Published on May 22nd, 20180
Is the Origin Story of GT’s Kombucha an Illegal Health Claim?
Though the company made changes, a spokesperson said GT’s Kombucha stands by its origin story, telling TINA.org: “Laraine’s story is what happened in real life. The facts are the facts and that is the story… .” But as a matter of law, as the following ad alert points out, only FDA-approved drugs that have been subject to rigorous testing can be marketed as having the ability to treat, cure, alleviate the symptoms of, or prevent developing diseases and disorders. And FDA approval is simply something that GT’s Kombucha does not have. Our original post follows.
Kombucha, once a niche health food item, has exploded in popularity in recent years. And the current market leader, GT’s Kombucha, is a big reason why. But before we get to the oft-touted origin story of the beverage (and how it might constitute an illegal health claim), a little background on kombucha for those who may be unfamiliar.
Kombucha is tea that has been cultured — not in the sense that it has gone to many museums but because it has been fermented with active bacteria. Other foods, including yogurt, contain these types of probiotics or “good” bacteria. And it is these good bacteria and the purported health benefits derived from them that have in large part contributed to kombucha’s cult-like following. Good bacteria, like the kind in yogurt or kombucha, are said to aid in digestive wellness.
But some kombucha proponents take it a step further and claim, without scientific evidence, that the beverage with its good bacteria can treat everything from acne to AIDS to cancer. Which brings us to GT’s Kombucha’s origin story. Five years before Whole Foods started stocking its shelves with GT’s Kombucha in 1999, the drink’s founder, GT Dave, brewed it at home as a teen who had dropped out of high school. Not surprisingly, his first customers were family members, one of whom, the origin story goes, had received a grim medical diagnosis at the time:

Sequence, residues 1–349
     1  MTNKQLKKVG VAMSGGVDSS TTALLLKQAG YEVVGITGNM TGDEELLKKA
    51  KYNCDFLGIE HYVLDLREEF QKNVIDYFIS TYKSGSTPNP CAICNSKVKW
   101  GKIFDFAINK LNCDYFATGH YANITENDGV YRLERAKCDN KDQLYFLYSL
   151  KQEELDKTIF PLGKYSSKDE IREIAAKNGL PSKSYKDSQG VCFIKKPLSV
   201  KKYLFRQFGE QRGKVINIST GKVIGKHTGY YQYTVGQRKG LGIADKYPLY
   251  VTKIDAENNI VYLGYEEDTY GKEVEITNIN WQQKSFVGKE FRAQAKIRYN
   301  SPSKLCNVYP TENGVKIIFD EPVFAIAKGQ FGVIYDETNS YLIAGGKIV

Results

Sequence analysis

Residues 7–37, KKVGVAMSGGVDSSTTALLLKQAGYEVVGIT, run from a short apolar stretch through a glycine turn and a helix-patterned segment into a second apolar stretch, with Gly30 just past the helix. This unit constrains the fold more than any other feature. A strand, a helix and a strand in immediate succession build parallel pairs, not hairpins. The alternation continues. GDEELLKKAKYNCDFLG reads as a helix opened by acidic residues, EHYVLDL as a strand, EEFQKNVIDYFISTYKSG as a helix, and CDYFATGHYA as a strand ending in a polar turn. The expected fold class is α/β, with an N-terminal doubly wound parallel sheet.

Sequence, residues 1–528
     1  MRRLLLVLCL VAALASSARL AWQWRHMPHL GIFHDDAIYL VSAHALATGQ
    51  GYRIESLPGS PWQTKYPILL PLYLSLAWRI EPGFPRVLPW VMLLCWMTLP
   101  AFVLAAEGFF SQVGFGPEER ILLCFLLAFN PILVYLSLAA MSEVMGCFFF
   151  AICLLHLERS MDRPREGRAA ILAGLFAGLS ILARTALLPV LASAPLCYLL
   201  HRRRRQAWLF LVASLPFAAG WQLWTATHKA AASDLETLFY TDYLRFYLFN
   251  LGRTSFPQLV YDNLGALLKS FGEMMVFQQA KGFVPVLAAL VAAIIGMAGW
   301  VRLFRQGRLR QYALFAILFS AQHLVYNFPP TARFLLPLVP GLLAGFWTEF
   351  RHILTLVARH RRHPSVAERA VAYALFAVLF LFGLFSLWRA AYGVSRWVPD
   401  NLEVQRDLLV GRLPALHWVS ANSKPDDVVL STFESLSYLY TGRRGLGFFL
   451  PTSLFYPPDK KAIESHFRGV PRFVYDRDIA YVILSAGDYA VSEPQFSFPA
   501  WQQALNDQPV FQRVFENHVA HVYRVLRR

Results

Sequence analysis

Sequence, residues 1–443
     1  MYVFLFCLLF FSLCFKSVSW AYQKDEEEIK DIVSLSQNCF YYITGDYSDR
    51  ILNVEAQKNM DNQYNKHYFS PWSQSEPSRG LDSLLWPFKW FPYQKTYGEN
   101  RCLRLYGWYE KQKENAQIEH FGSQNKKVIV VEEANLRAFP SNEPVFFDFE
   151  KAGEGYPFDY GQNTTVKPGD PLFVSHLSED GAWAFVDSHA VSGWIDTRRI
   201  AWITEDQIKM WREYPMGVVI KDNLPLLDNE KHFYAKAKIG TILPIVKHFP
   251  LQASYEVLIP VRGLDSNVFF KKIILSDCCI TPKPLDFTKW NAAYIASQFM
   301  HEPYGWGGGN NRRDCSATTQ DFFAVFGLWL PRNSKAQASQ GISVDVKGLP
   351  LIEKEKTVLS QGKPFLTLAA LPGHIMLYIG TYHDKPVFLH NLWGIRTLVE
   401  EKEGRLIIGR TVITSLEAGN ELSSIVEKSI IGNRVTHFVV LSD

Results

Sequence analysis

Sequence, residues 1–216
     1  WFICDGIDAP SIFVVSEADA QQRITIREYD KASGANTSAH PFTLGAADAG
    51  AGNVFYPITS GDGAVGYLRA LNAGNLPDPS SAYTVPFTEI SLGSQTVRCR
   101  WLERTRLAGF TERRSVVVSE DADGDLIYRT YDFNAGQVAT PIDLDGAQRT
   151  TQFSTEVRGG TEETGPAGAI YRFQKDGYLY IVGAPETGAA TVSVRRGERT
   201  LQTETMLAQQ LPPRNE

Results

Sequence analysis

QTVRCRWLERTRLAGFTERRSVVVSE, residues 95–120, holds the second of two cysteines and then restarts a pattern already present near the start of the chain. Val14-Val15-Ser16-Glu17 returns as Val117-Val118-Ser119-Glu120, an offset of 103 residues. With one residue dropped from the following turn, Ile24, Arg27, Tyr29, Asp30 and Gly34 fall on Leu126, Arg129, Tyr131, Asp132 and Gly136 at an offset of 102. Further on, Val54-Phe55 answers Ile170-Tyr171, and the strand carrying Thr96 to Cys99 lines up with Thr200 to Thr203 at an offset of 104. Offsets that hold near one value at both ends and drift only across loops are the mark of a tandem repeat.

In late 1994, GT’s mom, Laraine, was diagnosed with a highly aggressive form of breast cancer. When she healed, Laraine shared with doctors that she had been drinking a very pungent, homemade tea. That tea was GT’s Kombucha.
When GT’s Kombucha hit stores, the cancer story was printed on every label. Then, amid a wave of class-action lawsuits in the early/mid 2010s over the alcohol content in the products and allegations of unsubstantiated health claims, GT Dave removed the story from the label, according to a 2015 profile in Inc. magazine that dubbed GT Dave the “King of Kombucha.” (Though he apparently did it begrudgingly, telling Inc., “We never used the word cure.”) Nevertheless, the cancer story remains intact on the company’s website, under a tab marked “Our Story.” In addition, GT Dave — the GT is short for George Thomas — is also fond of telling the cancer story in interviews, like the one he gave Inc. a few years ago.
All of this implies that GT’s Kombucha helps to cure cancer, even if the company doesn’t use the word cure. Yet only FDA-approved drugs that have been subject to rigorous testing can be marketed as having the ability to treat, cure, alleviate the symptoms of, or prevent developing diseases and disorders. And FDA approval is simply something that GT’s Kombucha does not have.
Find more of our coverage on cancer treatment claims here.